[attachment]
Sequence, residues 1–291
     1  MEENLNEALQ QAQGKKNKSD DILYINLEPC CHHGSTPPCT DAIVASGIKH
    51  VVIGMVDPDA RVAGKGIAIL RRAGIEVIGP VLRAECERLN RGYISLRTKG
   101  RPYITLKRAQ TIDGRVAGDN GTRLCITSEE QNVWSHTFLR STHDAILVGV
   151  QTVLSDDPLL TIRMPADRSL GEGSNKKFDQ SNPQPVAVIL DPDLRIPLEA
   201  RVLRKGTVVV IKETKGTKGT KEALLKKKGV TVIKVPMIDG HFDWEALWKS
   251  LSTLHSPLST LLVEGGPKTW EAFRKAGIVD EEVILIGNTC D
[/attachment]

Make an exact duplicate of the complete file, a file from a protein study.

Sequence, residues 1–291
     1  MEENLNEALQ QAQGKKNKSD DILYINLEPC CHHGSTPPCT DAIVASGIKH
    51  VVIGMVDPDA RVAGKGIAIL RRAGIEVIGP VLRAECERLN RGYISLRTKG
   101  RPYITLKRAQ TIDGRVAGDN GTRLCITSEE QNVWSHTFLR STHDAILVGV
   151  QTVLSDDPLL TIRMPADRSL GEGSNKKFDQ SNPQPVAVIL DPDLRIPLEA
   201  RVLRKGTVVV IKETKGTKGT KEALLKKKGV TVIKVPMIDG HFDWEALWKS
   251  LSTLHSPLST LLVEGGPKTW EAFRKAGIVD EEVILIGNTC D